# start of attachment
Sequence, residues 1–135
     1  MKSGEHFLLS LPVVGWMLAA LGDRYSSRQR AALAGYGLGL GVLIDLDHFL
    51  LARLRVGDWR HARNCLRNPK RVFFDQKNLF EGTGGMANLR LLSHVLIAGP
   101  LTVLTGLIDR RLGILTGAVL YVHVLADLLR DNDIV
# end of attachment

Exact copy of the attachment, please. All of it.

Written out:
Sequence, residues 1–135
     1  MKSGEHFLLS LPVVGWMLAA LGDRYSSRQR AALAGYGLGL GVLIDLDHFL
    51  LARLRVGDWR HARNCLRNPK RVFFDQKNLF EGTGGMANLR LLSHVLIAGP
   101  LTVLTGLIDR RLGILTGAVL YVHVLADLLR DNDIV